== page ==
The second scene that I was given to story board was the film’s final. Having just seen the band play in a bar, this scene sees Tim leaving the venue after the show and walking home. With not a lot actually happening in this scene, it is all about the mood that it conveys. The ultimate idea that we are trying to communicate in this scene is Tim’s slow return from his euphoric mood, as seen in the previous scene, back to the more empty and sad mood that became familiar in the film’s earlier stages. What we are suggesting here is that while Tim’s happiness was real, it was also very much temporary and perhaps, for that reason, unhealthy. In seeing his return to his unhappy self, it is largely left ambiguous as to what Tim’s future holds – more unhappiness? a realisation of sorts?
Now, with the thematic intent of this scene addressed, the question is again how to shoot it. One thing I’d like this scene to do is sort of parallel the previous scene, with the hope that the slight differences between them will stand out. What will be the same is the single take approach, as well as it being a front on tracking Tim as he walks. A source of inspiration for this shot – someone walking down a street/road – came from the 2013 film, Ida. While there is some thematic similarities between Tim and Ida, I was mainly inspired by the film’s cinematography, particularly in the final scene.
I love this shot on a purely aesthetic level, as well as how it ends the film with an essentially plotless focus on its main character. So the shot in our film will very much resemble this, though it will take place in a quiet city street and will be more conventionally framed – less head room. The very handheld nature of the shot in Ida will also be apparent. Through being a mid shot, as opposed to the tight close up during the show, this will again present a slight bit of distance between us and Tim, but the camera movement still being present will hopefully make us feel that we are still very emotionally involved with his mental state at this moment.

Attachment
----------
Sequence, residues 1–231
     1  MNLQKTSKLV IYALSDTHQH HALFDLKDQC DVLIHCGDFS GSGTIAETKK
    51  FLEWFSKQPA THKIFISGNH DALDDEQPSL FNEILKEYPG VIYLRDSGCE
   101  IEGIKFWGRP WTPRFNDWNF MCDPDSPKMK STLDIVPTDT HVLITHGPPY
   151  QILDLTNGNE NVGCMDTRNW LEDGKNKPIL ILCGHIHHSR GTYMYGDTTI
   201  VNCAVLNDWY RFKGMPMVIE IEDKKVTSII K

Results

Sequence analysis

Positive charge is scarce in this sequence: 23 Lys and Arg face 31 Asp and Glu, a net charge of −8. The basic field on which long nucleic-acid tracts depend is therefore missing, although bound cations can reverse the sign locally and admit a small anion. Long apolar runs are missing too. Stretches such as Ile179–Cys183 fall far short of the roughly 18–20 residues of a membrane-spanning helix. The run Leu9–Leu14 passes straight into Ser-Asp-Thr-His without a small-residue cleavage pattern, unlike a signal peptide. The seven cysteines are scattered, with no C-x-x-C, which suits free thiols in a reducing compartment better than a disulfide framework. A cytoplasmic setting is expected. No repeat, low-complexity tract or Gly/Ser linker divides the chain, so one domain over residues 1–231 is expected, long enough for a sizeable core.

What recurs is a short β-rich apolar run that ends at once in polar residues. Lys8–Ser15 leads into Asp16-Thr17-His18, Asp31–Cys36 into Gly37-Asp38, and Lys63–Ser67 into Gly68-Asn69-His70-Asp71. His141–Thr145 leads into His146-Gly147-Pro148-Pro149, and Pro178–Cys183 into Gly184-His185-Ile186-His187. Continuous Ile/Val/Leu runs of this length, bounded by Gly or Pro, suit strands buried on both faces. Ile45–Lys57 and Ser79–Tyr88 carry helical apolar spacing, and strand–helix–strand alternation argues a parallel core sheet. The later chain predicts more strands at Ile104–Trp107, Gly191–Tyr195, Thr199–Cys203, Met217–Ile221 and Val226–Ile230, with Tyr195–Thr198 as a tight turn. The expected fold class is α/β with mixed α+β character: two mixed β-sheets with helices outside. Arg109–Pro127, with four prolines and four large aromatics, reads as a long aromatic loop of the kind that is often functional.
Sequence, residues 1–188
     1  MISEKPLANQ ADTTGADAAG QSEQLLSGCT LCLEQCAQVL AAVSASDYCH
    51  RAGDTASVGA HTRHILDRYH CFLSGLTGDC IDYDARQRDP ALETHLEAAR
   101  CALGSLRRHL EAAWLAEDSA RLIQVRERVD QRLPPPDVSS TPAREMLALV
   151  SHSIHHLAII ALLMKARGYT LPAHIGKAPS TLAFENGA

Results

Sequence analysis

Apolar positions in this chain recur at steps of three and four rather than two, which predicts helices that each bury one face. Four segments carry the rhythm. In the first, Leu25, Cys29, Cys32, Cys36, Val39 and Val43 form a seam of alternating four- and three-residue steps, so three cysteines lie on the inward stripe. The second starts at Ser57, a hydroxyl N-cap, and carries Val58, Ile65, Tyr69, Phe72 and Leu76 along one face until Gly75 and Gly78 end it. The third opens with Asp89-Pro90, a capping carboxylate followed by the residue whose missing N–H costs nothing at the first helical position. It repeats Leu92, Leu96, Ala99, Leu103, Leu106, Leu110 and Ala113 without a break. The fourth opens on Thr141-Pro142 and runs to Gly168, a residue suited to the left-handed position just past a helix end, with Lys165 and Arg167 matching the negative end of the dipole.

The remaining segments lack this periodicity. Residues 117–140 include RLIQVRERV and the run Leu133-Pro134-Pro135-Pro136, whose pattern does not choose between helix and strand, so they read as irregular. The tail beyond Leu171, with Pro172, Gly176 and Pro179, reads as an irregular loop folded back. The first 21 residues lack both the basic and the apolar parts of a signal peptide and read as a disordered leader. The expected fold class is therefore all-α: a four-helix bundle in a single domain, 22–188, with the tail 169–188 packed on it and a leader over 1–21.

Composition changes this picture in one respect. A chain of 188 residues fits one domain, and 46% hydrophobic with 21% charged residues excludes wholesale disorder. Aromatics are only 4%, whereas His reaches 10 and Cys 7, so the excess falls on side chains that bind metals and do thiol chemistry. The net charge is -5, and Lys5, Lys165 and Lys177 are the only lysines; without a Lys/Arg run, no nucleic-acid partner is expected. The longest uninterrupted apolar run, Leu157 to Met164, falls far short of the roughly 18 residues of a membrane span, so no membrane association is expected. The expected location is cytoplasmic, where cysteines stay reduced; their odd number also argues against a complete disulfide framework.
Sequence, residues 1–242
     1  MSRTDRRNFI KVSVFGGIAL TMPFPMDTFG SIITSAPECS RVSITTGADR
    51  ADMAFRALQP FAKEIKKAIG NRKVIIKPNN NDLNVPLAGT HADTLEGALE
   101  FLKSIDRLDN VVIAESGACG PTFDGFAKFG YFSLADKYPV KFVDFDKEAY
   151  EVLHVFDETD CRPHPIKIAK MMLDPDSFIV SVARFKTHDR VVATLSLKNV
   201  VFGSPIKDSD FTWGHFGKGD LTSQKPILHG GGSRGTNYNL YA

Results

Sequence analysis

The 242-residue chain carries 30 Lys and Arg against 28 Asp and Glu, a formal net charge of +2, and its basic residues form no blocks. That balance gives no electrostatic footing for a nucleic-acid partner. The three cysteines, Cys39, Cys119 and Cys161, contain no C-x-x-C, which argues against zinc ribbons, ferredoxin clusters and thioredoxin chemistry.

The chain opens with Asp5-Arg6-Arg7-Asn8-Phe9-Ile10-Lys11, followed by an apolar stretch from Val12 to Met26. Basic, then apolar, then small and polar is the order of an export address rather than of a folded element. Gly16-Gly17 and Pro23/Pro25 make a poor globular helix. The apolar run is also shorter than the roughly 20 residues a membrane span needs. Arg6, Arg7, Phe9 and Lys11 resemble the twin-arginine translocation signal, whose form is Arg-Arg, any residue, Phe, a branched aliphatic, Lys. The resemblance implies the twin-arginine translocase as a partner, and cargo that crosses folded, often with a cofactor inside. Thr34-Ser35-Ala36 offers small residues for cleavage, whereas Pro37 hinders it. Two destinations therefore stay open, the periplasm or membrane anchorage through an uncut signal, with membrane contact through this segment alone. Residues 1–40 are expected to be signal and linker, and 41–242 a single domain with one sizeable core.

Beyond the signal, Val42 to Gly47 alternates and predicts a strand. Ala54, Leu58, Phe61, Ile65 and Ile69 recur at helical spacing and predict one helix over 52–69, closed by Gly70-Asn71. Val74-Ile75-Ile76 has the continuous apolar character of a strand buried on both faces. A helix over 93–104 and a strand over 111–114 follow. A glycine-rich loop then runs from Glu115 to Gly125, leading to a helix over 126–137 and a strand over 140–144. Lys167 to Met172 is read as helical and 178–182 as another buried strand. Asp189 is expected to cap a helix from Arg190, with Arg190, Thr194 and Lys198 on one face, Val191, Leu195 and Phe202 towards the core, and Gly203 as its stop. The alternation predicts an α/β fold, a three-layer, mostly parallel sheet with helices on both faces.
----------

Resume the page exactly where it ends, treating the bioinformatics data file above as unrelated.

Another technique that I would like to use in this shot is having a fairly shallow depth of field, which the character falls in and out of as the shot goes on. This has been done in many films, but I was mainly inspired by some of the tracking shots in Paul Thomas Anderson’s Inherent Vice (2014).
In this film, this technique works to kind of convey the confusion of Joaquin Phoenix’s Doc Sportello as well as the film’s overall hazy feel. While this is clearly not what we are going for, I feel that this can just as effectively convey feelings of isolation and a sort of insecurity.
In terms of lighting, the scene will be lit naturally (or at least look natural) for a night time city setting. Again, this will hopefully provide a strong juxtaposition between this scene and the previous scene at the show, where bright and coloured lights were flashing.
Ida. (2013). [film] Poland: Pawł Pawlikowski
Inherent Vice. (2014). [film] Paul Thomas Anderson